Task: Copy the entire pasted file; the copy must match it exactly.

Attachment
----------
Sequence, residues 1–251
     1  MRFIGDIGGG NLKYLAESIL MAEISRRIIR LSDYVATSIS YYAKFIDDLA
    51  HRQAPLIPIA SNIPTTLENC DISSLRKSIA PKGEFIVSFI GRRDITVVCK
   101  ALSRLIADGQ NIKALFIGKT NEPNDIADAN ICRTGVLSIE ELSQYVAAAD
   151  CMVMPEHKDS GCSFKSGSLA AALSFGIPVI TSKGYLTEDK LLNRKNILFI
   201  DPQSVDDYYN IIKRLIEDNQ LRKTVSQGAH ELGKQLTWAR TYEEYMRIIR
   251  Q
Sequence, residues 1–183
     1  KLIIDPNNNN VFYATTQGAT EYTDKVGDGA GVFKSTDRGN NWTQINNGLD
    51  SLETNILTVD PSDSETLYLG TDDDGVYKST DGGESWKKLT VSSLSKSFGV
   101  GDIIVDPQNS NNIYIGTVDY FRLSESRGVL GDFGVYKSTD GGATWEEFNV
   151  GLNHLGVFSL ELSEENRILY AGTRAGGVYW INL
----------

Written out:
Sequence, residues 1–251
     1  MRFIGDIGGG NLKYLAESIL MAEISRRIIR LSDYVATSIS YYAKFIDDLA
    51  HRQAPLIPIA SNIPTTLENC DISSLRKSIA PKGEFIVSFI GRRDITVVCK
   101  ALSRLIADGQ NIKALFIGKT NEPNDIADAN ICRTGVLSIE ELSQYVAAAD
   151  CMVMPEHKDS GCSFKSGSLA AALSFGIPVI TSKGYLTEDK LLNRKNILFI
   201  DPQSVDDYYN IIKRLIEDNQ LRKTVSQGAH ELGKQLTWAR TYEEYMRIIR
   251  Q
Sequence, residues 1–183
     1  KLIIDPNNNN VFYATTQGAT EYTDKVGDGA GVFKSTDRGN NWTQINNGLD
    51  SLETNILTVD PSDSETLYLG TDDDGVYKST DGGESWKKLT VSSLSKSFGV
   101  GDIIVDPQNS NNIYIGTVDY FRLSESRGVL GDFGVYKSTD GGATWEEFNV
   151  GLNHLGVFSL ELSEENRILY AGTRAGGVYW INL